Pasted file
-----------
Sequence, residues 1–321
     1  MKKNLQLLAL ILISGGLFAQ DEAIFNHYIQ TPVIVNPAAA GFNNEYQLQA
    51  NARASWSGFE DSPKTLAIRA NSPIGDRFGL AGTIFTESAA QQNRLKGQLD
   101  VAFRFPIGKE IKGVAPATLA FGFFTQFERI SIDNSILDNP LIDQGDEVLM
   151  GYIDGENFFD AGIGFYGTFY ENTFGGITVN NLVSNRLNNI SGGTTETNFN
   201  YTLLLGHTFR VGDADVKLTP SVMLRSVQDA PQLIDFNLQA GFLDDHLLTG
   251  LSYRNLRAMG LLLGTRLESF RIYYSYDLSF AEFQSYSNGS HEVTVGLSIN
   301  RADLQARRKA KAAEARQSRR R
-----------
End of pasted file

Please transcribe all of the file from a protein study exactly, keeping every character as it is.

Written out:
Sequence, residues 1–321
     1  MKKNLQLLAL ILISGGLFAQ DEAIFNHYIQ TPVIVNPAAA GFNNEYQLQA
    51  NARASWSGFE DSPKTLAIRA NSPIGDRFGL AGTIFTESAA QQNRLKGQLD
   101  VAFRFPIGKE IKGVAPATLA FGFFTQFERI SIDNSILDNP LIDQGDEVLM
   151  GYIDGENFFD AGIGFYGTFY ENTFGGITVN NLVSNRLNNI SGGTTETNFN
   201  YTLLLGHTFR VGDADVKLTP SVMLRSVQDA PQLIDFNLQA GFLDDHLLTG
   251  LSYRNLRAMG LLLGTRLESF RIYYSYDLSF AEFQSYSNGS HEVTVGLSIN
   301  RADLQARRKA KAAEARQSRR R